More on why these tubes are so important here: Nuclear Power Plant Basics https://docs.google.com/folder/d/0BweZ3c0aFXcFZGpvRlo4aXJCT2s/edit?pli=1&docId=0BweZ3c0aFXcFZDZJZWdESWJMYms

snip:

Important Note: While each of the steam generator’s 9,700+ tubes is about the size of a penny, each with a wall thickness thinner than a dime (0.043 inches) to help transfer heat, but they also serve as a vitally important boundary between the HOT radioactive coolant circulating inside the tubing which MUST remain separated from the non-radioactive water/steam mixture which circulates outside the tubing. A leak, crack or worse, a complete failure of one or more of any of the tubes inside the steam generator would allow highly radioactive, very hot, pressured coolant to mix directly into the non-radioactive water/steam mixture which would then immediately escape into the environment. Additionally, should a main steam line break (MSLB) or any other similar problems occur, the rapid loss of core coolant that is needed to constantly cool the radioactive fuel rods in the reactor could lead to a catastrophic meltdown of the entire radioactive reactor core.

More on that here: Nuclear Power Plant Basics

https://docs.google.com/folder/d/0BweZ3c0aFXcFZGpvRlo4aXJCT2s/edit?pli=1&docId=0BweZ3c0aFXcFZDZJZWdESWJMYms

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Avatar for user 'susanmartha'

susanmartha | February 24, 2013 at 8:53 a.m. ― 1 year, 6 months ago

suspected all along this story would become more and more bizarre, and i have not been disappointed.

what is most frustrating is the lack of information being given to those of us who would be fatally impacted by more "accidents" at this facility. the NRC seems laughably unengaged in dealing with this problem. i wonder what they doing with their time?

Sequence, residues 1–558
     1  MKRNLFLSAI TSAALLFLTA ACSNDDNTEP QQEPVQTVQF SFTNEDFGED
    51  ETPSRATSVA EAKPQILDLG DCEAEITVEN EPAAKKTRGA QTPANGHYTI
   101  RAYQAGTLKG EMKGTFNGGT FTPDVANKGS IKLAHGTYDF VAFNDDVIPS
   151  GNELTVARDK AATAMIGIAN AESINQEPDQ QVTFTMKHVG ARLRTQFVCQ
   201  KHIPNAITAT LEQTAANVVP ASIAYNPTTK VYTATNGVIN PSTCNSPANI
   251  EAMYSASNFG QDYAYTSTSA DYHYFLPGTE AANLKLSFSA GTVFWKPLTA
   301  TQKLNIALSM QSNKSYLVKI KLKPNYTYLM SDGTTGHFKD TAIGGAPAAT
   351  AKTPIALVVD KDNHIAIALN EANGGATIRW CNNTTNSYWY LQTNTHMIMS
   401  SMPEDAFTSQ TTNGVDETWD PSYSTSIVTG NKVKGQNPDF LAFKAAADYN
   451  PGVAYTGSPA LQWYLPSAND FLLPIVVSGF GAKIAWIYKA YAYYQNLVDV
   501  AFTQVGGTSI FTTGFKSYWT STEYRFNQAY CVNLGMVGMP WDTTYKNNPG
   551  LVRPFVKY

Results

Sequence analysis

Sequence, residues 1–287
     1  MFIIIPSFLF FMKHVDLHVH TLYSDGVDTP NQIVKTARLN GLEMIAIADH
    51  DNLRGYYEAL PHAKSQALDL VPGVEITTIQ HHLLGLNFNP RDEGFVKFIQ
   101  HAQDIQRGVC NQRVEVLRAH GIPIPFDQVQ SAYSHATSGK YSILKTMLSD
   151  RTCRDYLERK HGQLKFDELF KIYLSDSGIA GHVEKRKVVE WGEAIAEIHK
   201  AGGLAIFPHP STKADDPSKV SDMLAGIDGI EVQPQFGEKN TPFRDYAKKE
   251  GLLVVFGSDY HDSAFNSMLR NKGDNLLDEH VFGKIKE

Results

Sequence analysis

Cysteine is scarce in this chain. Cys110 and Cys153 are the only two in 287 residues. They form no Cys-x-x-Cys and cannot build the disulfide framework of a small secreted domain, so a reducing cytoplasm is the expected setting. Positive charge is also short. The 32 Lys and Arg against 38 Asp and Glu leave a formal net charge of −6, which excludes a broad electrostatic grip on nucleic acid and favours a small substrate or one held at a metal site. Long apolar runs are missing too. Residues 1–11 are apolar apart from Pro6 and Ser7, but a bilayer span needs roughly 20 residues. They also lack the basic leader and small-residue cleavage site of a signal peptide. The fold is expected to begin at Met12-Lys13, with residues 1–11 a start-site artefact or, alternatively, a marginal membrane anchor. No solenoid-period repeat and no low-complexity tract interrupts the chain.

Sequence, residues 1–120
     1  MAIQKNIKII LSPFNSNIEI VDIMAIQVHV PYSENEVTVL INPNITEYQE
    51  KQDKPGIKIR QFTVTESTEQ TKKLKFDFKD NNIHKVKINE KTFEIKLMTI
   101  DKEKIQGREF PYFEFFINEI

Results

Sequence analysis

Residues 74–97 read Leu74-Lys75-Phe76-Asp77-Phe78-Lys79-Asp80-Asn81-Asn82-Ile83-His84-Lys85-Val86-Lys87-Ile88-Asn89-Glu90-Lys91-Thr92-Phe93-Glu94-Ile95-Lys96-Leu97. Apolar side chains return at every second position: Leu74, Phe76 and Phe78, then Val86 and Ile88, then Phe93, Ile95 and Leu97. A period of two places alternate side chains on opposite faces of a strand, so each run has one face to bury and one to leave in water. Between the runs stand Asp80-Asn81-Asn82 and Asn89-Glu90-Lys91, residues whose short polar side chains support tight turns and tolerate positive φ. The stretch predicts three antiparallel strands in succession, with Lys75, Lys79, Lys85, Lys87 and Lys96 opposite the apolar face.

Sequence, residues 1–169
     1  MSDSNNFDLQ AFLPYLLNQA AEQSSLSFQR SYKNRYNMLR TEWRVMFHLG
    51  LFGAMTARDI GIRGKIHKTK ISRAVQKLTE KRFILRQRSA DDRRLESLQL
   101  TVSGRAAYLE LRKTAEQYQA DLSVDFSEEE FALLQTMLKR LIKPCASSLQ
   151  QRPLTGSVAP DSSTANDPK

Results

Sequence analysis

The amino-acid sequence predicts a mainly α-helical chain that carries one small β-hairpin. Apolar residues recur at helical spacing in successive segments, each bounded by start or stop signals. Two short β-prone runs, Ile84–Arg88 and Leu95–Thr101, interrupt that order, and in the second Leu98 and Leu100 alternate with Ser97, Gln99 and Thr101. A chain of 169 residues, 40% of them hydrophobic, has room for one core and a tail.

as for Edison .... give us back our money. you and your shareholders can eat the costs of the errors you made.

and finally, close San Onofre now. and forever.

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Avatar for user 'CaptD'

CaptD | February 26, 2013 at 5:23 p.m. ― 1 year, 6 months ago

The NRC meeting on WED. Feb 27, 2013 at the NRC headquarters in Maryland will be from 10 a.m. to 1 p.m. and it will be webcast!

http://adamswebsearch2.nrc.gov/webSearch2/doccontent.jsp?doc=%7B70C719BF-6DEE-4755-B6C6-D3CEE2551EA0%7D

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Avatar for user 'CaptD'

CaptD | February 28, 2013 at 9:17 a.m. ― 1 year, 6 months ago

Senator Boxer to NRC: ‘Careful’ before restarting San Onofre
http://www.scpr.org/blogs/politics/2013/02/26/12703/senator-boxer-nrc-careful-restarting-san-onofre/
snip
Boxer says documents from a whistle blower show SoCal Edison was trying to avoid having to reapply for a permit and was “aware” the repairs made to the plant aren’t the ones that should have been done.

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Avatar for user 'BilllHawkins'

BilllHawkins | March 2, 2013 at 3:10 p.m. ― 1 year, 6 months ago

Senator Boxer needs to start an inquiry with SCE/MHI Engineers testifying under oath as to what was wrong with the Original Combustion Engineering Steam Generators and what Industrial and Academic Research Benchmarking did they do to fix these problems in the SONGS MHI Replacement Steam Generators. Recommend a Joint Committee headed by US Justice Department and Independent Steam Generators Expert specializing in Thermal Hydraulics, Chemical, Nuclear, Reactor Engineering, Computer Modeling, Design Bases Accidents, 10 CFR 50.59 and FSAR. These Experts need to determine the exact Root Cause of damage to San Onofre Unit 3 Replacement Steam Generators and a damage assessment difference between Units 2 & 3.

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Avatar for user 'CaptD'

CaptD | March 3, 2013 at 8:33 a.m. ― 1 year, 5 months ago

Ratepayers are still paying 54 Million Dollars a month to Edison and receiving ZERO energy, because of SCE's defectively designed Replacement Steam Generators which have now cost ratepayers 1.3 Billion Dollars...